Luebke suffered from lymphoma and died Saturday night, Durham City Council member Steve Schewel said Sunday.
His full-time job was as a professor of sociology at the University of North Carolina at Greensboro. He wrote two books about the history and practice of North Carolina politics as of 1990 and updated for 2000. The latter described the diverging interests of urban modernizers and small-town traditionalists as the political divide beyond party labels.
Luebke was one of the longest-serving House members and the heavy favorite to win a 14th two-year term next month in his Durham County district over a Republican challenger.
With Luebke's death, Durham County Democratic leaders can choose a replacement nominee for Luebke's 30th District. His name will remain on ballots.
Numerous state and Durham leaders have issued statements expressing their condolences after his passing.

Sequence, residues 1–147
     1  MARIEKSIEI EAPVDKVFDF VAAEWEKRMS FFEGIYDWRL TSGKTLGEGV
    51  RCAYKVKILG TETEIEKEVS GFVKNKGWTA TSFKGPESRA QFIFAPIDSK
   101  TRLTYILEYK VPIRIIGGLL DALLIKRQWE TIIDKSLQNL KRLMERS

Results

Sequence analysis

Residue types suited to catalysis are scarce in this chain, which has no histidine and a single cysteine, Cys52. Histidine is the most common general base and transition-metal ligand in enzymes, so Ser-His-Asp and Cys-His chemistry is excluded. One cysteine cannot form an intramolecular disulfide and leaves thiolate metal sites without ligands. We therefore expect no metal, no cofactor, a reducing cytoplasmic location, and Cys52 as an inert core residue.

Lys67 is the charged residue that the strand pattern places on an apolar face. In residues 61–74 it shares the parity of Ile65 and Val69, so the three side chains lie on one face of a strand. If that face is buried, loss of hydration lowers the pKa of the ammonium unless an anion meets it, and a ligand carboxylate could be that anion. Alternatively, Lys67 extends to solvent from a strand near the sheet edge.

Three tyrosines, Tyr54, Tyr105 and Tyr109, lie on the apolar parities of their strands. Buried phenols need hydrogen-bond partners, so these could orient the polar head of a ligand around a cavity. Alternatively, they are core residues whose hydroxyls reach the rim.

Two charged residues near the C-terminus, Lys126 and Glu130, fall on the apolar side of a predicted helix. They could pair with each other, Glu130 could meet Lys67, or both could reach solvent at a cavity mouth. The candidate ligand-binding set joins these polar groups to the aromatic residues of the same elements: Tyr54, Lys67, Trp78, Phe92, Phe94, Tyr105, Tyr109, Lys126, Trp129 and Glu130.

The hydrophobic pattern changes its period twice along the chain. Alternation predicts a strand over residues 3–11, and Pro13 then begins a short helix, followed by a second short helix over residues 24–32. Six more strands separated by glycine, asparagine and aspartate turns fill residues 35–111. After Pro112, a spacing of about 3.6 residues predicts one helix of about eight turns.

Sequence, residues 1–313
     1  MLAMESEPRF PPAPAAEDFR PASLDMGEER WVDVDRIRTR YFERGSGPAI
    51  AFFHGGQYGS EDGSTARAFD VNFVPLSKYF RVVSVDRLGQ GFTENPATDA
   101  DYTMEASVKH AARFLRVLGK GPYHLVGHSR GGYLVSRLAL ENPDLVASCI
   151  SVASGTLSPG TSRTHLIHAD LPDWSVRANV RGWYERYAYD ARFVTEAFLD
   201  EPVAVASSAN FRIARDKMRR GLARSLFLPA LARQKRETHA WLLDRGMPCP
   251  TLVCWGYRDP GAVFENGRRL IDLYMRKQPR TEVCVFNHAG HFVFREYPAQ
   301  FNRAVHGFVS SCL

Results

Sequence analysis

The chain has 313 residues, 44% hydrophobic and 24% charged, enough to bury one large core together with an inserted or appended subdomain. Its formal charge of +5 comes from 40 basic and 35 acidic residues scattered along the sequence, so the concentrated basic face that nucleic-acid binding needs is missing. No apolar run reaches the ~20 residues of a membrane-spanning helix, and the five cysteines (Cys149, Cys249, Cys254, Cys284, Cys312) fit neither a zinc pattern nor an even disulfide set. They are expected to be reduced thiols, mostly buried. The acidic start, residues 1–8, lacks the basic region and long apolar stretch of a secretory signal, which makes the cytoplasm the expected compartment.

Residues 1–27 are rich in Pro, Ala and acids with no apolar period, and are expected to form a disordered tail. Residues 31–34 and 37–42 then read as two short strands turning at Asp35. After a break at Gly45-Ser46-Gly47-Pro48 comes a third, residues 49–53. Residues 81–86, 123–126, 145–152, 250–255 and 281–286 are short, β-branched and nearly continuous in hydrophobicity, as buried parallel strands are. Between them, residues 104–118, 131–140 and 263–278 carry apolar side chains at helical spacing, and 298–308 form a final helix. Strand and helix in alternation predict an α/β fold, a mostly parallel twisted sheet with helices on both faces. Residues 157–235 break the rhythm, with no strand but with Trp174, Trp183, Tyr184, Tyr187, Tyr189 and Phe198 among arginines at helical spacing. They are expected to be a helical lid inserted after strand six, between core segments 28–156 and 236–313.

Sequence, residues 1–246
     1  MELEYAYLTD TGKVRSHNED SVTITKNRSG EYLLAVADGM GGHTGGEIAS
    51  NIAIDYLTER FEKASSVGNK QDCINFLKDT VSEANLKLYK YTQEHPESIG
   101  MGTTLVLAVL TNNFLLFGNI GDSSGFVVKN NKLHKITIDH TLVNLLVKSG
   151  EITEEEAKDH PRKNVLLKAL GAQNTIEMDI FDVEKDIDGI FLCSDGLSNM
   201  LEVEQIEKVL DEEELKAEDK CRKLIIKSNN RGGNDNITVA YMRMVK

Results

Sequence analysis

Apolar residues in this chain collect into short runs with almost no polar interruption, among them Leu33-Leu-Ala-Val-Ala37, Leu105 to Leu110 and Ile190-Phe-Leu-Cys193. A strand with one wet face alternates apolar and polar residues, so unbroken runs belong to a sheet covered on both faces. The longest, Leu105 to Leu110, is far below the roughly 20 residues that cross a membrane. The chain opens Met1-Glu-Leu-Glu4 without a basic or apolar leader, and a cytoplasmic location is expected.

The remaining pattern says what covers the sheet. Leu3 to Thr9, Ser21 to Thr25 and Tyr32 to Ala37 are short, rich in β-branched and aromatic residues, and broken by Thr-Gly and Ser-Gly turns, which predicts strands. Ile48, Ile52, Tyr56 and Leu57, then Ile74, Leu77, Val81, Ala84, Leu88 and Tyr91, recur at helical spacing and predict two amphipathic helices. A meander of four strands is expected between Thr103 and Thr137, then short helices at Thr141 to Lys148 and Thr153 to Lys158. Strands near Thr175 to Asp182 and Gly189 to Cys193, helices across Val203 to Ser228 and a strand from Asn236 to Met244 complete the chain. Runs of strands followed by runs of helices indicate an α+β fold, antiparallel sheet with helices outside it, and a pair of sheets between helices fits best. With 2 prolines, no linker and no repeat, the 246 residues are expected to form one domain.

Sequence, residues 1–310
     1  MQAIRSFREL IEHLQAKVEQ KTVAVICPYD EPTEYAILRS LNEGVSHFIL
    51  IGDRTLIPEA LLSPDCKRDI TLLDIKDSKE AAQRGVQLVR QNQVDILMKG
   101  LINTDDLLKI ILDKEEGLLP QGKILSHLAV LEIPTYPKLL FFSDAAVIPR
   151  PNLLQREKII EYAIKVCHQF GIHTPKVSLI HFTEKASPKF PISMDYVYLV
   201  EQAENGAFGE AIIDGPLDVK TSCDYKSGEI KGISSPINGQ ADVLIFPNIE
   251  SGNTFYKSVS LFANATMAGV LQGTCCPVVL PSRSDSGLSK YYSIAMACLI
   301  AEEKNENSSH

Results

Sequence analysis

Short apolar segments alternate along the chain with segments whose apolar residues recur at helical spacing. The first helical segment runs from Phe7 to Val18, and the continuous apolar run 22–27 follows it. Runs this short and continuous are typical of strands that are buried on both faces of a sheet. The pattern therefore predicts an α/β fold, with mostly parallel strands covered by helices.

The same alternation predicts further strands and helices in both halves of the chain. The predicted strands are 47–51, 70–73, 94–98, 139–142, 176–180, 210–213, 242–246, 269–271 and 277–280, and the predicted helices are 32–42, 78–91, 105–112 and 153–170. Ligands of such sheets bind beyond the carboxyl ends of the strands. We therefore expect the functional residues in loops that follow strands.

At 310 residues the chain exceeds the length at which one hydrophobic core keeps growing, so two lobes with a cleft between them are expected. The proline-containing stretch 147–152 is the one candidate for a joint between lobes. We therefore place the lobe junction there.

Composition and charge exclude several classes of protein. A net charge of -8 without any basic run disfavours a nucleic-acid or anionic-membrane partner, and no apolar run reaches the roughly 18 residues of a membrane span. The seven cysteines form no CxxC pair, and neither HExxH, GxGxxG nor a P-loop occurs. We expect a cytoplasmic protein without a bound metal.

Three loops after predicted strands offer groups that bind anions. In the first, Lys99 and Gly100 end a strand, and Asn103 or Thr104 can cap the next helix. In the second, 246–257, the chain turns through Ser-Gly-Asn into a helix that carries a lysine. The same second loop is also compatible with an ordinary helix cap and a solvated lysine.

Gov. Pat McCrory said: "Representative Luebke was a dedicated servant whose long career in education and in the General Assembly reflected his undeniable passion for serving his district and helping the people of North Carolina. Ann and I join with people in Durham and throughout the state in mourning his loss."
Durham County Government sends heartfelt sympathy to the family of Rep. Paul Luebke. He was a true statesman filled with grace.— Durham County, NC (@DurhamCounty) October 30, 2016
Paul Luebke was a champion and a servant for North Carolina. Please keep his family in your thoughts and prayers. ?Deborah— Deborah Ross (@DeborahRossNC) October 30, 2016
The DPS family offers our sympathies to the family, friends, and constituents of Rep. Paul Luebke, a champion of Durham's children.— DurhamPublicSchools (@DurhamPublicSch) October 30, 2016
My statement on the passing of Rep. Paul Luebke: pic.twitter.com/R1DoeO3gOa— Roy Cooper (@RoyCooperNC) October 30, 2016
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